OhioHealth O’Bleness Hospital Earns ENERGY STAR Certification
OhioHealth O’Bleness Hospital in Athens has earned the U.S. Environmental Protection Agency’s (EPA) ENERGY STAR® certification for superior energy performance.
“Improving the energy efficiency of our nation’s buildings is critical to protecting our environment,” said Cindy Jacobs, chief of the ENERGY STAR Commercial & Industrial Branch. “From the boiler room to the board room, organizations are leading the way by making their buildings more efficient and earning EPA’s ENERGY STAR certification.”
ENERGY STAR certified buildings and plants are verified to perform in the top 25 percent of buildings nationwide, based on weather-normalized source energy use that takes into account occupancy, hours of operation, and other key metrics. ENERGY STAR is the only energy efficiency certification in the United States that is based on actual, verified energy performance.
“We’re honored to earn the ENERGY STAR for superior energy performance at O’Bleness and appreciate the efforts of everyone who has been involved in its efficient operation,” said LeeAnn Lucas-Helber, president of OhioHealth O’Bleness Hospital. “Saving energy is just one of the ways we show our community we care, and that we’re committed to doing our part to protect the environment and public health, both today and for future generations.”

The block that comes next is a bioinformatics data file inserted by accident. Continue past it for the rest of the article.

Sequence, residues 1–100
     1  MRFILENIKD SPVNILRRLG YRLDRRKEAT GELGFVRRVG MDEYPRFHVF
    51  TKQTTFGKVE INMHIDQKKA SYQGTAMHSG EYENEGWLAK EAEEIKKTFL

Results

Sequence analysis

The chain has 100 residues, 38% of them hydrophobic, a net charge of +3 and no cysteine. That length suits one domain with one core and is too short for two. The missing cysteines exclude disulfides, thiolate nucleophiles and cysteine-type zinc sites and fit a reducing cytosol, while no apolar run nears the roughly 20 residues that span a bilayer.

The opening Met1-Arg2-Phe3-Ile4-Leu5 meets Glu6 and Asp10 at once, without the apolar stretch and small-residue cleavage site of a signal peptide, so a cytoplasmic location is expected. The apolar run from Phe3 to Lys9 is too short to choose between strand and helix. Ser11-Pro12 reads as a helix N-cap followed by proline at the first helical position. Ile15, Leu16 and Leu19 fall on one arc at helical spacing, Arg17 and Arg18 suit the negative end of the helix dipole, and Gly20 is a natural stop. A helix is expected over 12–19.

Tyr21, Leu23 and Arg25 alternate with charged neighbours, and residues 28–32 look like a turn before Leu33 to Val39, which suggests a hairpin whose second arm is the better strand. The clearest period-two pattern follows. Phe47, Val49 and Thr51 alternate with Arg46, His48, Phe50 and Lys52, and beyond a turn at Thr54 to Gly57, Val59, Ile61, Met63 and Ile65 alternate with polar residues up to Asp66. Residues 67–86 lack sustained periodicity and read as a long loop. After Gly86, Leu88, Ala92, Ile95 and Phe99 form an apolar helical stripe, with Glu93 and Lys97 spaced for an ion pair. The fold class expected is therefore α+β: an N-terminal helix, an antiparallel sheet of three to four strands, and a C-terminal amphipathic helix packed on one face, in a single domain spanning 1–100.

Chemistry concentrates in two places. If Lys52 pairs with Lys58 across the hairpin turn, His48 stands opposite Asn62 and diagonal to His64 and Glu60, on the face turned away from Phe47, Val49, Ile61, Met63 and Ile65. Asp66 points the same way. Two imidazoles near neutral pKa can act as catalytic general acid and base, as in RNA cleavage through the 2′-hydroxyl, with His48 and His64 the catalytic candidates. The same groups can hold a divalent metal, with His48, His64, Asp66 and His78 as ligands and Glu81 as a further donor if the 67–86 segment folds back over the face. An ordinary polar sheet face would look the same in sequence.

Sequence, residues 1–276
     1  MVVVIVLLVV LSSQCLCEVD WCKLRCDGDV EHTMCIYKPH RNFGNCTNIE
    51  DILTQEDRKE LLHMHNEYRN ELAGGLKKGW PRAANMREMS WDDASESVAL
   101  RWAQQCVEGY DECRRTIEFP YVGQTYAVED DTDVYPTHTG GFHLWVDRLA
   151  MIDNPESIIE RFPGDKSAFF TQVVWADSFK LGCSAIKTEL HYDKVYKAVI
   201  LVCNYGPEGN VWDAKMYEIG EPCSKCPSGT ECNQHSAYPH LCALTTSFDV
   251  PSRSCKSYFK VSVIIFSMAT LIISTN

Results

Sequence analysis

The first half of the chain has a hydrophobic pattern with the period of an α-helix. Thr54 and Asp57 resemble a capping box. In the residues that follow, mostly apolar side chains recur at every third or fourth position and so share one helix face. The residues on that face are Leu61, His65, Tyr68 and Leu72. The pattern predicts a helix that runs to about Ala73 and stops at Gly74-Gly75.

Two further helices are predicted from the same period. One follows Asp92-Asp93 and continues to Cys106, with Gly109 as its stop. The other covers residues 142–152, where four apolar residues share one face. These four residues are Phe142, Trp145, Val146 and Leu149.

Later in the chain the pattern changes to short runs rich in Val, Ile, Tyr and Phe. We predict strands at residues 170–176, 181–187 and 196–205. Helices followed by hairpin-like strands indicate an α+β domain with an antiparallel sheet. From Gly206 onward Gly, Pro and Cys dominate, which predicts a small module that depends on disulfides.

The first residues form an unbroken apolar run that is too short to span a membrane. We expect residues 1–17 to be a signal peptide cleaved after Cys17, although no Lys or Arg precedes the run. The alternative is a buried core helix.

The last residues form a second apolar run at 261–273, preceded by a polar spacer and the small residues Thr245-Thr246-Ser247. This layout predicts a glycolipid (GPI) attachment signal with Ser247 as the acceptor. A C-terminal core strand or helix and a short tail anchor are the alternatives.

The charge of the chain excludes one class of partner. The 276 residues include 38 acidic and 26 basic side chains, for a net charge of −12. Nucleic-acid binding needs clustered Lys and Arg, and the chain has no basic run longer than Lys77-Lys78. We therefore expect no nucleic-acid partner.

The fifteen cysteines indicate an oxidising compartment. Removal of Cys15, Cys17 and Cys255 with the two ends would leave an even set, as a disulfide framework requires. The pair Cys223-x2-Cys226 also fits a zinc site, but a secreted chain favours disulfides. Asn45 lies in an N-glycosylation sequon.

Helber credits this success to the hospital’s Facilities team, who led the work and to the hospital’s associates and providers.
“Everyone played a part in this achievement by turning off lights in empty rooms and requesting occupancy sensors, reporting energy waste, adjusting to temperature changes and many more actions small and large,” said Helber.
O’Bleness’ sustainability win is part of a larger effort by the OhioHealth system to reduce their environmental footprint. In November, OhioHealth was celebrated by the U.S. Department of Health and Human Services (HHS) at the 2022 United Nations Climate Change Conference for pledging ongoing action to decarbonize the healthcare sector and make healthcare facilities more resilient to the effects of climate change. OhioHealth has pledged to reduce their greenhouse gas emissions by 50 percent by 2030 and achieve zero emissions by 2050.
On average, ENERGY STAR certified buildings and plants use 35 percent less energy, cause 35 percent fewer greenhouse gas emissions, and are less expensive to operate than their peers—all without sacrifices in performance or comfort.
To date, tens of thousands of buildings and plants across all fifty states have earned the ENERGY STAR. For more information about ENERGY STAR for Buildings and Plants, visit www.energystar.gov/buildings